Why: The Foundation of Your Story

by Katie Gowrie

If you’ve thrown yourself into this year’s SYTYCW challenge and are determined to write your romance novel in 150 days , you’ll notice we’ve been posting a lot lately on conflict and characterization. Let’s talk about something that goes hand-in-hand with these two things. And I’m so excited about it, I’m going to caps-lock about it from a virtual mountaintop:

IT’S MOTIVATION, FOLKS.

Ah, motivation—the foundation of your story.

If you don’t believe me, you may want to grab Debra Dixon’s book, GMC—a must-read and one of our favourites here at the Harlequin Toronto office. But in case you need a quick breakdown (or refresher), SYTYCW’s got you covered.

GMC. Goal, motivation, conflict = the story in a nutshell. And while the first and last are important, motivation is at the center for a reason 🙂 The all-encompassing, big, fat why.

Why does your heroine want what she wants? What’s driving your hero to achieve his goal? When editors read submissions, the issue with proposals is most often a lack of strong conflict. And that usually ties in with character motivation that’s not compelling or simply not fitting for the story.

Let’s try this on for size: Ben wants to make an ice rink in his yard in July and skate on it dressed as Voldemort. Oooookkaay. Ben’s a bit of an oddball.

But wait, a reader will accept almost anything the protagonist wants. Provided they have a sufficient reason (and one they can get on board with).

If Ben wants to do this so he can film it for a laugh and then burn the tape because it’s just too embarrassing, we may have lost him. And donated that book. Character motivation that falls flat can deflate the whole story. Despite all the other reasons we want to love it—hilarious dialogue, an adventurous plot line—a story is only as strong as the forces driving its characters forward.

What if Ben wants to achieve his goal so his dying twin brother, Scotty, a Potterhead who will never see another hockey season again, can play once more on the backyard rink they’d make every year at Christmas? It’s his birthday, the puck drops and it’s the ultimate battle: Dumbledore vs. Voldemort on ice… Well, we may just whip out a vuvuzela and start cheering vehemently for Ben. Dig up that yard, order those costumes…defy heat. At this point, we don’t care how crazy Ben’s dream is. We want to see it realized because he’s got a really good reason for doing it.

Strong motivation thrusts the character forward–and it’s our pleasure to watch them take risks, despite rational thought or their own best interests. We’ll follow our protagonist anywhere, even into danger; we’ll watch them sacrifice everything.

What if Ben were a 70-year-old billionaire named Belinda? Would she exert herself making a rink in the yard, or would she simply rent out the Air Canada Centre (like a boss)? The character’s motivation should fit with who they are. And if you read our post on misunderstandings,  you already know that coincidence isn’t a substitute for strong motivation—because you can’t root conflict in something that flimsy 😉

In romance, when we’ve got two characters with a goal, and strong motivations driving them away from each other and towards those goals, we’ve also got high stakes and strong romantic conflict.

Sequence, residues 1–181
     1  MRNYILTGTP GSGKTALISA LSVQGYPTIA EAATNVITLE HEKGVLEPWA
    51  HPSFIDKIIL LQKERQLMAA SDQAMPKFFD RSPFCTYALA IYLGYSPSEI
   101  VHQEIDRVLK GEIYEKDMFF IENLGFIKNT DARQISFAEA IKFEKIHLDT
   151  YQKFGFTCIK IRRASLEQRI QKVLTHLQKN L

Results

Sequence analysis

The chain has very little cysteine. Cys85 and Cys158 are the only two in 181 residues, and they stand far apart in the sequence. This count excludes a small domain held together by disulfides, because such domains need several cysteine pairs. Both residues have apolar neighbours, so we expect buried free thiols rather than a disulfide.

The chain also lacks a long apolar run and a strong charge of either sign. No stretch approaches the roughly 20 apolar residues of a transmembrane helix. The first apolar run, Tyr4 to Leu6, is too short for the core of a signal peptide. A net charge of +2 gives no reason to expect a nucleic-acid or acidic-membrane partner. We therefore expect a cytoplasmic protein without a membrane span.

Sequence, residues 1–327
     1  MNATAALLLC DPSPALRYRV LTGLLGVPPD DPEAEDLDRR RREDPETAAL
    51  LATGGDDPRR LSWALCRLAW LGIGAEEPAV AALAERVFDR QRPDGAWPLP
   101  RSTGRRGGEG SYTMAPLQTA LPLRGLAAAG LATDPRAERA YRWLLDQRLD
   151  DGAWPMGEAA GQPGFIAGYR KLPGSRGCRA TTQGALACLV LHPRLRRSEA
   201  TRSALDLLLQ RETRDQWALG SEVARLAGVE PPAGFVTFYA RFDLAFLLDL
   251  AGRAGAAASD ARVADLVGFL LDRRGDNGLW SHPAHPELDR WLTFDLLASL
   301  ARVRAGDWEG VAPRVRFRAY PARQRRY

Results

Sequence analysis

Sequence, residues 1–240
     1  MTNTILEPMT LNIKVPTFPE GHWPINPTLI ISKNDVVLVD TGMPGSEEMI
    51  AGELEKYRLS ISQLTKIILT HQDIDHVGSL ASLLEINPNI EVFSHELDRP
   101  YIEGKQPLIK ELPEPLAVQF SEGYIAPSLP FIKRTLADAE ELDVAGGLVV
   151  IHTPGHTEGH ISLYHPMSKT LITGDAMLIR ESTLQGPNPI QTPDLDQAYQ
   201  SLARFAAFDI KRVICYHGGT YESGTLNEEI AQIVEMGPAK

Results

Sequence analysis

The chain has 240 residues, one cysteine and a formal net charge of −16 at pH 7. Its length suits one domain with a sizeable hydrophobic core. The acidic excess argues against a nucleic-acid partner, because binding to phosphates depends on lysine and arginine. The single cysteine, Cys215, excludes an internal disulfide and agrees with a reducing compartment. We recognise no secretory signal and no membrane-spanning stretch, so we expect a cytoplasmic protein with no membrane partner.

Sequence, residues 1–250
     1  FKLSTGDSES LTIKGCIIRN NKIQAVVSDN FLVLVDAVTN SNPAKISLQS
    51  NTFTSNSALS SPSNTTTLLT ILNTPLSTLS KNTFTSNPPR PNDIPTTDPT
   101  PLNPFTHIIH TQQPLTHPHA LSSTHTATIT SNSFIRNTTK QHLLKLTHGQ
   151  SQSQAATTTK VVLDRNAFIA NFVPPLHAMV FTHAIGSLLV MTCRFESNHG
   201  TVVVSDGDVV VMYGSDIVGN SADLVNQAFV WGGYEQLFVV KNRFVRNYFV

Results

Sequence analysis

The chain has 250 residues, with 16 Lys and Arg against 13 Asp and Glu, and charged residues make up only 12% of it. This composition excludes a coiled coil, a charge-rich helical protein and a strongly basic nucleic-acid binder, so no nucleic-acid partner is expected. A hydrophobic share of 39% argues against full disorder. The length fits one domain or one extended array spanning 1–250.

So, remember, the why is arguably more important than the what—ask yourself this question often. Happy writing! Nox.

 

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Comments

  1. Thanks, Katie. You have some great tips here. Making the motivation strong enough is one of the things I struggle with. I do have a copy of Debra Dixon’s book, GMC, and keep it near my computer.

    Incidentally, if anyone doesn’t have the book and wants one, you can order it through a link on her web site. Don’t order it from Amazon unless you want the ebook. It’s about $10, but for only $10 more, you can get the hardcover you can hold in your hands and flip through easily for around $20. They go for ridiculous prices on Amazon–$35-$113. So do yourself a favor and get it through her or go to Gryphon Books for Writers web site.

    • Too late! I just bought the eBook copy because the paper was too pricey! Darn it! 🙁 As a good point though I am totally enjoying this book. It brings out what I am trying to organize in my head and for the first time I am making a chart! Progress. Being a panster is still my style, but it never hurts to learn new things. Thanks so much editors!

  2. Wizard of OZ is my all time fav movie. I waited for every Thanksgiving to be able to watch this movie. I have it memorized and now it is a great reference tool too. Thanks for this great GMC read, Katie! 🙂

  3. Thanks Katie, for a great article. I really like your hockey rink example – turning everything up a notch or ten. Hockey and Harry Potter, what a great combination. Gosh, but those actors are so young! Time flies. And the late Alan Rickman, it still makes me sad to think of his passing.

    Motivation is what gets us out of bed every morning. I’d be really ticked with my characters if I planned this great story for them (with a happily ever after, thank you very much) and they didn’t hop out of bed every chapter and strive to reach their goals. As it is, my heroine just dumped my hero – which was not pre-planned (but backstory motivated) – so she’s gonna have to buck up and get herself in gear PDQ.

  4. Cecelia Dowdy

    Thanks, Katie! So true!! I enjoyed this article and I have GMC on my shelf. Read it years ago and also attended a Debra Dixon workshop. You’ve got some powerful stuff here and I’m so glad you reminded me about all of this! Have a fabulous day!